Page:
Gunnevera is probably my top pick. I could tell you exactly why, but I don’t want Gunnevera to get out on the hot-horse radar. Next thing you know, they’d be “friending” him. Worse still, the newspapers and TV would notice him.

But we’re pals, so bet all you want.

Let’s see… Irish War Cry was an impressive winner at Gulfstream Park, though he won wire-to-wire — romping home over the Gulfstream jetstream that makes front-runners hard to catch, especially in a six-horse race. That doesn’t mean he isn’t good. Just had an easy race to begin the season. Irish War Cry’s other problem is every Sean, Heather, Paddy is going to bet him. (By the way, you do know the Irish War Cry: “Beat Cromwell.”)

Tapwrit closed well last out and looks like a horse that might be improving. Or just a horse. But I liked the way he ran. I won’t draw a line through two-year-old champion Classic Empire, even though he was thumped by Irish War Cry and Gunnevera. He’s by Pioneer of the Nile (Pharoah’s sire) and has Louisville connections that have had a lot of good horses. Also on the screen is the Bob Baffert trained American Anthem.

A good filly out west is Unique Bella. She’s not included in the Derby Futures, but we should definitely mention her. A very interesting possibility is Epicharis, a Japanese horse who earned a spot in the Kentucky Derby with a smart victory in a Kentucky Derby prep in Tokyo. He is a grandson of 1989 Derby winner Sunday Silence, out of a Sadler’s Wells mare — with an outstanding Dosage Profile. Most of the others I think are just sprinters, who won’t like the Derby Distance. A fun name is El Areeb, which means cold beer in Maltese. Nah, just made that up. Every story should have an alternative fact.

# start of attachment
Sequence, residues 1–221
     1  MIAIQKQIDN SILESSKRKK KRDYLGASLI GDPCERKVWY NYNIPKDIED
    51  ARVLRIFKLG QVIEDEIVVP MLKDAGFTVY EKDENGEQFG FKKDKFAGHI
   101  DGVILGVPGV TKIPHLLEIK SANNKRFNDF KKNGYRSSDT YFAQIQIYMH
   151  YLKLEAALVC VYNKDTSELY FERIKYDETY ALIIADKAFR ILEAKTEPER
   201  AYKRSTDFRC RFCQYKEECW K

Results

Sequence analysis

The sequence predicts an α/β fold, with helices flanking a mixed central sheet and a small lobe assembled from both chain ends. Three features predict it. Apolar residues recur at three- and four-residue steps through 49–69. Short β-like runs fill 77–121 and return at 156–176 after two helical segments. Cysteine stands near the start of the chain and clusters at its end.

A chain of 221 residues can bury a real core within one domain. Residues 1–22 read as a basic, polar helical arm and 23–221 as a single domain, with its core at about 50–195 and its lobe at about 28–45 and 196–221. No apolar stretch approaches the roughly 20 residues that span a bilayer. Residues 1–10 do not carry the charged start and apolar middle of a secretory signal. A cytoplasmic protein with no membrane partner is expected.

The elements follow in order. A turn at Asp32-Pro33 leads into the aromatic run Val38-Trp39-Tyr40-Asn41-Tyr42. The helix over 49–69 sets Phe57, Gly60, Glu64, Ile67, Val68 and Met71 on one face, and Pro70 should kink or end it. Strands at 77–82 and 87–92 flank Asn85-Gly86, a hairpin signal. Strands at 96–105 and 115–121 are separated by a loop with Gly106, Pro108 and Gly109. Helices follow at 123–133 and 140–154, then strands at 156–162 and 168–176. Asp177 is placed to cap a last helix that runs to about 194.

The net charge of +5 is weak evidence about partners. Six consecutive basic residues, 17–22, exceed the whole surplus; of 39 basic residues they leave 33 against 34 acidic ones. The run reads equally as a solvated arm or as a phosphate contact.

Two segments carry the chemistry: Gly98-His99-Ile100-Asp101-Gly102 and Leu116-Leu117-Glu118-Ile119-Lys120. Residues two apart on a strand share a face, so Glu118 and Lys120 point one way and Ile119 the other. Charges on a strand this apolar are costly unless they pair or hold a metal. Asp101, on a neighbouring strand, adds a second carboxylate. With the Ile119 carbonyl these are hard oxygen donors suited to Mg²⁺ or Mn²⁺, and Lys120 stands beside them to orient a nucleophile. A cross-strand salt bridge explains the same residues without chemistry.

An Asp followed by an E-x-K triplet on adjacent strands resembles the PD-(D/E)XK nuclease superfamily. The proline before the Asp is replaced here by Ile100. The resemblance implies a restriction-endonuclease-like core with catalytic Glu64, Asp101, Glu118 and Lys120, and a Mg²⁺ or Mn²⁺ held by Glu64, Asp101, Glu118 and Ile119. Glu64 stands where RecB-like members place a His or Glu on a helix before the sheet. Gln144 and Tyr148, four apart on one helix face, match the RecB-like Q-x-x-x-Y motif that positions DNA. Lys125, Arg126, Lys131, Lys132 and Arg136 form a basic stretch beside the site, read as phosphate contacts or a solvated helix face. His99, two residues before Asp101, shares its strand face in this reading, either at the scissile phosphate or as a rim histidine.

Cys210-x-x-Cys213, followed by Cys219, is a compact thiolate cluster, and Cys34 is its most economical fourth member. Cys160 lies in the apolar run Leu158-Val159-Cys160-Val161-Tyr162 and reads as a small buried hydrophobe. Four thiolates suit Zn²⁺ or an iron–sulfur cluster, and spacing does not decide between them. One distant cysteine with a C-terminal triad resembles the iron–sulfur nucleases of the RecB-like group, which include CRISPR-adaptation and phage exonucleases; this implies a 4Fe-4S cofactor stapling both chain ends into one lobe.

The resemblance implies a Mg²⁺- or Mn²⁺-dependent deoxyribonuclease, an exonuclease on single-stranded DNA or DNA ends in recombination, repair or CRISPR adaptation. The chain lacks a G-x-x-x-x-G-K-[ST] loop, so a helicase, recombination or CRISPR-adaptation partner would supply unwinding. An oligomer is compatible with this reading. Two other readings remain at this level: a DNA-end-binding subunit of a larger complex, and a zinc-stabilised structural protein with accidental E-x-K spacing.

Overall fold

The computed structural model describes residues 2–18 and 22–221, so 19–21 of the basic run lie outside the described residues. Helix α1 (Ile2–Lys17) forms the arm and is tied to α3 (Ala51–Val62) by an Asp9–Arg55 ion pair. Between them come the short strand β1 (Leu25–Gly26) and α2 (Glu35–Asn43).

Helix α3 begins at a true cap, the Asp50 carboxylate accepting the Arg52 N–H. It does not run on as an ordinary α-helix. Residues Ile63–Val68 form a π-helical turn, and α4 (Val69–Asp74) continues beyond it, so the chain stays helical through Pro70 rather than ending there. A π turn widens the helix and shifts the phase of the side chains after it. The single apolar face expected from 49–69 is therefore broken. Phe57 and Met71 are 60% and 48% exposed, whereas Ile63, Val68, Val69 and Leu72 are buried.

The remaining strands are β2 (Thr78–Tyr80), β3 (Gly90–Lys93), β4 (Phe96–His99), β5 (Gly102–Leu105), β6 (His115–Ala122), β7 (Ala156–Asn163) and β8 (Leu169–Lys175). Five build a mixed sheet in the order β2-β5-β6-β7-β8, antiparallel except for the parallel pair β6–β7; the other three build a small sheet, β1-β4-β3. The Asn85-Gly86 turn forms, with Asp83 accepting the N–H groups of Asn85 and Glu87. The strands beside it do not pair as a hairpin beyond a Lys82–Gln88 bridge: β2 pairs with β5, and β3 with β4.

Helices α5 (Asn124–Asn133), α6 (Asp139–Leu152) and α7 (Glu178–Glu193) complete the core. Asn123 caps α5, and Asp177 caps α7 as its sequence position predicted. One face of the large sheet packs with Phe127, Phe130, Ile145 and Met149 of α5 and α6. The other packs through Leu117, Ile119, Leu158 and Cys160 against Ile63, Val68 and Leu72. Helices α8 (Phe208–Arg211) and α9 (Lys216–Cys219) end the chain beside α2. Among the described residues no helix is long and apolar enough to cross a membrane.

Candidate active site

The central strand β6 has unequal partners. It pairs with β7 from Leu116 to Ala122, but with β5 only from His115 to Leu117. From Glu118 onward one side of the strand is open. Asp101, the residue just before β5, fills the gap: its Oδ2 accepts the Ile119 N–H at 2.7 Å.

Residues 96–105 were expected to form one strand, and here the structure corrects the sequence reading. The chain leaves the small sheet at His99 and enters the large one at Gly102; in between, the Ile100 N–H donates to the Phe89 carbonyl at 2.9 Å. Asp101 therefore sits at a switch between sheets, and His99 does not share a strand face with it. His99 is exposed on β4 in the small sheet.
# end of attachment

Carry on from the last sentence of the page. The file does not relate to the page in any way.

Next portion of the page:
Expert Section

The Derby Future Wager also includes exacta betting. This is a very dicey proposition, with horses possibly dropping out before the Derby. But some of the prices will be really high. On Twinspires.com, check the possible Exacta payoffs under the Exotics button.

My advice is: If you have one horse you like, make a part-wheel with him on top, with a few others second. Then back-wheel it with your horse second.

What is a part-wheel? This is the Expert Section. Do you have a wrist band? The sharpie play is to box your horse with the No. 24 (“All Others”). If your horse wins, and some horse not on the list runs second, you win. And you’ve got 387 of those running for you.

Maybe even better: If one of those 387 not on the list wins as No. 24, you could cash by running second. Even if three horses not on the list run 1-2-3, if your horse can run along to be fourth, you win.

Let’s say you like Gormley, who is No. 7. Take a $1 exacta box of 7-24 — the cost is $2. Very thrifty. And maybe clever.

Call it: $1 exacta box 7, 24

You might also use Gunnevera in a box with No. 24.

Call it: $1 exacta box 9, 24

But for gosh sakes don’t tell everybody.